Crude Oil To Top 100 Dollar A Barrel In First Quarter of 2011

For the first time in two years, those who bet on rising oil prices
are more than those who think otherwise. The market suffered a “demand
shock” because in 2010 the consumption accelerated.

Oil would climb above $ 100 a barrel
The flat $ 100 a barrel would be drilled in the spot market in the
first half of 2011.

The boom, which yesterday raised the benchmark crude prices to the
highest peak in 26 months at $ 90 a barrel, is creating a dilemma for
the Organization of Petroleum Exporting Countries (OPEC), which meets
on Saturday.

The group must decide whether the current strength in consumption will
continue next year, which would require to produce more, or soon will
be weakened.

The surge in demand favoring the cartel, since the increase in
consumption begins to slowly reduce the abundant oil inventories in
the world. The operators have said that the navy of large oil tankers
earlier this year used to store crude oil in the sea have been
disbanded, and land stocks are also beginning to fall.

“We believe that the flat $ 100 a barrel will be drilled in the spot
market in the first half of 2011,” said Lawrence Eagles, head of the
Petroleum Research at JPMorgan in New York.

A senior trader physical oil market, he added: “We will see that oil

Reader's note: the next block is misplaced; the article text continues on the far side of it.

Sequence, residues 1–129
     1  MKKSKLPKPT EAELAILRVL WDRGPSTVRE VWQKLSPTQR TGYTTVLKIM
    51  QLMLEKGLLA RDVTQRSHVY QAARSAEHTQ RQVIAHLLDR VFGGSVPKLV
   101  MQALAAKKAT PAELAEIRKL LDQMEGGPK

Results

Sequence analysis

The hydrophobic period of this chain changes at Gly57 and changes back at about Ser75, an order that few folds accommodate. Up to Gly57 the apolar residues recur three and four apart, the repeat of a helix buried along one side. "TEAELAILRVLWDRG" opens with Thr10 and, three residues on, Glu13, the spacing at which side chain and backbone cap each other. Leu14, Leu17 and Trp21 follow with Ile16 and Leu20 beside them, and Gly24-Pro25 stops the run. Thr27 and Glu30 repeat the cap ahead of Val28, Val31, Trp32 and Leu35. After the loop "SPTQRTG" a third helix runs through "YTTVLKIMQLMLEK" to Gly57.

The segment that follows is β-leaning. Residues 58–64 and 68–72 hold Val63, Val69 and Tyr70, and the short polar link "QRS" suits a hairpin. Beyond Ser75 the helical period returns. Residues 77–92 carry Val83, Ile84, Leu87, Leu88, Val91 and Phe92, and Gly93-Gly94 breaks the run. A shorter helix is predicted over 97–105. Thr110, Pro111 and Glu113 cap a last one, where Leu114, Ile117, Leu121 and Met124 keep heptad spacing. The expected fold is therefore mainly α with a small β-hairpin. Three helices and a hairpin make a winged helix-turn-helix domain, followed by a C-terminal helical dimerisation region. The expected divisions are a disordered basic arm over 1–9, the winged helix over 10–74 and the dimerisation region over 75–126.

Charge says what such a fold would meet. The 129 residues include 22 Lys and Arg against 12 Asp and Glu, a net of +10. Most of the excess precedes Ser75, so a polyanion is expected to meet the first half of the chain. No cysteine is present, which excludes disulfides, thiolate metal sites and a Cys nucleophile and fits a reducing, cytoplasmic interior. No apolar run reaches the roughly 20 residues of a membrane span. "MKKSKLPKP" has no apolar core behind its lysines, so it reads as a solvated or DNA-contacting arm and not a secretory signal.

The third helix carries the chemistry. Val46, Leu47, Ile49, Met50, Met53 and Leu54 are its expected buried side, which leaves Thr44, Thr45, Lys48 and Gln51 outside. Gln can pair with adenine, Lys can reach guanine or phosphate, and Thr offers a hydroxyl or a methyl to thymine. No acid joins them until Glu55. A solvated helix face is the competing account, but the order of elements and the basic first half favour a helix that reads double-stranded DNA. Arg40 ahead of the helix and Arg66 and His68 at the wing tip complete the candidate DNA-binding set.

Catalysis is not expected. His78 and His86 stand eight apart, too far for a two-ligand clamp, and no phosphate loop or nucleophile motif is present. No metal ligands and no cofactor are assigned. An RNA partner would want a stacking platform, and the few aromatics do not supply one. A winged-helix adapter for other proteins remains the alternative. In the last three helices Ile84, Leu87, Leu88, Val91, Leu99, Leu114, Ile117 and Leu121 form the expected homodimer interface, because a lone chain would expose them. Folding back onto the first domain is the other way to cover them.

prices will touch $ 100 a barrel next year, albeit temporarily.”

This attitude among bank traders and analysts who were contrasted with
three months ago, when the physical market players who are supposed to
manage the best available intelligence, said it was unlikely that
prices will continue rising and described as mediocre growth
consumption. Since then, a combination of factors has driven demand.

The International Energy Agency, the body of Western countries that
oversees the oil market, estimated that global demand will grow in
2010 by 2.3 million barrels a day, the second level in recent history,
surpassed only by the huge peak 3 million b / d that were added in
2004. “The world oil demand has recovered its pre-recession level,”
said Francis Osborne, an analyst at consultancy Wood Mackenzie.

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